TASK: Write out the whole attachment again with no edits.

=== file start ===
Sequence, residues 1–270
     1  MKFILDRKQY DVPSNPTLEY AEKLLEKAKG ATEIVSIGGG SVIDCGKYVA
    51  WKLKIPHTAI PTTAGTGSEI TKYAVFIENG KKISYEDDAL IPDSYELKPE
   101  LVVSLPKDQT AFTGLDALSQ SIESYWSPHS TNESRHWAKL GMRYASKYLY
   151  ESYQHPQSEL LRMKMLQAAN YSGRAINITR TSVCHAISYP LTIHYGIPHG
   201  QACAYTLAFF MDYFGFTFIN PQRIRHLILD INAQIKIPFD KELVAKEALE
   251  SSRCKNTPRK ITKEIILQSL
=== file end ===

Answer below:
Sequence, residues 1–270
     1  MKFILDRKQY DVPSNPTLEY AEKLLEKAKG ATEIVSIGGG SVIDCGKYVA
    51  WKLKIPHTAI PTTAGTGSEI TKYAVFIENG KKISYEDDAL IPDSYELKPE
   101  LVVSLPKDQT AFTGLDALSQ SIESYWSPHS TNESRHWAKL GMRYASKYLY
   151  ESYQHPQSEL LRMKMLQAAN YSGRAINITR TSVCHAISYP LTIHYGIPHG
   201  QACAYTLAFF MDYFGFTFIN PQRIRHLILD INAQIKIPFD KELVAKEALE
   251  SSRCKNTPRK ITKEIILQSL